Sunday, May 10, 2009
"Conversations With the Past: The West Cemetery Walk"
The dead rose from their graves to speak with visitors to Amherst's historic 1730 West Cemetery in one of the most successful events of the 250th anniversary celebrations.
The 250th Anniversary Historical Subcommittee, drawing upon the success of similar endeavors elsewhere, decided that one of the best ways to communicate and popularize the broad sweep of Amherst history would be to have ordinary citizens act out the roles of historical character at the sites of their graves in West Cemetery. One advantage here was that many of the figures were already portrayed on the Community History Mural by artist David Fichter (2005) and thus documented and in some sense familar. Although the Historical Commission and Town Planning Department assisted in some of the early phases of the project, all credit belongs to the Subcommittee and the citizen-volunteers.
Herewith a few scenes:
Michael Coblyn, as Sanford Jackson (1831-63), member of the Massachusetts 54th Volunteer Infantry, America's first all-Black fighting regiment, who died of wounds suffered in the assault on Fort Wagner (as depicted in the film, "Glory"). Jackson was buried near the site of the battle, but the historic African-American section of the Cemetery, where Coblyn is standing, is home to the graves of several African-American Amherst Civil War veterans, as the GAR marker next to the tombstone indicates.
Reynolds Winslow, as teamster Henry Jackson (1817-1902), who helped to rescue Angeline Palmer
when her employers tried to sell her into slavery.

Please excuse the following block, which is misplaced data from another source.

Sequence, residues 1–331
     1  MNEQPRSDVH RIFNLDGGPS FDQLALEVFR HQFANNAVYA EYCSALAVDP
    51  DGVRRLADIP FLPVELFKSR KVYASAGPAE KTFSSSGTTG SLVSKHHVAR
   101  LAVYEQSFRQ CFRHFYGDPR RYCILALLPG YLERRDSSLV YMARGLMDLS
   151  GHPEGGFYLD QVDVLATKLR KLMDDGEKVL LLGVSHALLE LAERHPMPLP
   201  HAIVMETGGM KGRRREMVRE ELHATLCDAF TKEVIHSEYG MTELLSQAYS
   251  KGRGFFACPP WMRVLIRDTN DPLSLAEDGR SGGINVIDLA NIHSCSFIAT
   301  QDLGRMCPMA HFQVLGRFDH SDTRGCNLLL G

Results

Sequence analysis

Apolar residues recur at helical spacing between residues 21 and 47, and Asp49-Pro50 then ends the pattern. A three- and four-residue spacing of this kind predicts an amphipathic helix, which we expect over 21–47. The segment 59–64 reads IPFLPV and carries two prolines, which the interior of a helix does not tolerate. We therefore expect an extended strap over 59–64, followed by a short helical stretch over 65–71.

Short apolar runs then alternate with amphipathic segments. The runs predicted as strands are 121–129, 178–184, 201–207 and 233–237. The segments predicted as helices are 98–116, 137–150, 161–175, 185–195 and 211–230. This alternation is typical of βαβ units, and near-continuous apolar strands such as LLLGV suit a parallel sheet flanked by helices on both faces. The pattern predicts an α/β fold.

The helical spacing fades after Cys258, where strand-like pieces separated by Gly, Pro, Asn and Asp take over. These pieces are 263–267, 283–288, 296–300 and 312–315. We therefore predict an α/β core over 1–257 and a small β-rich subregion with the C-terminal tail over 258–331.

Meg Gage as Lavinia Dickinson (1833-99), younger sister of Emily; with Mary Ellen Sailer,
as Margaret "Maggie" Maher (1841-1924), Emily's maid and confidante
Trish Farrington as Orra Hitchcock (1796-1863), landscape artist, scientific illustrator,
and wife of Amherst College President Edward Hitchcock
Mary Hocken as Mary Dickinson Mattoon (1758-1835), wife of General Ebeneezer Mattoon (1755-1843)
Town Planning Director Jonathan Tucker as the anonymous gravedigger of Amherst—a designation
that many local political activists would undoubtedly find appropriate.
It has been an extraordinarily successful event from the perspective of both organizers and visitors. I can attest to the fact that I heard from the latter things similar to what participants in the TMCC Warrant Article Tour said when I brought them to the Cemetery to explain our Historic Preservation proposals: typically, "I've lived here 'x' number of years, and yet I've never been here," or "I had no idea about x or y," or "this really made history come alive for me."
The comments from the reenactors were equally encouraging.
Some, such as Michael Coblyn, had long been involved in similar events—in this case, Civil War reenactments, with particular reference to the Mass 54th.
By contrast, for Brenda Thomas, who played Anna Reed Goodwin, the anniversary was a first and vital opportunity to learn more about the community to which she had moved. She immersed herself in the history as she prepared for her role, and found herself being drawn ever more deeply into the details of "Ma" Goodwin as well as Amherst itself.
Visitors on the first day (on which these photographs, with the exception of that of the gravedigger, who appeared only the next day) were enthusiastic and voluble. Given both the quality and short duration of this program, many expressed the wish for a repeat performance in the fall.
• Cast and Crew with Timeline (from Amherst 250th)
• overview of characters and events: Mary Carey, "Amherst breathes life into history," Hampshire Gazette, 1 May
[updated images and links]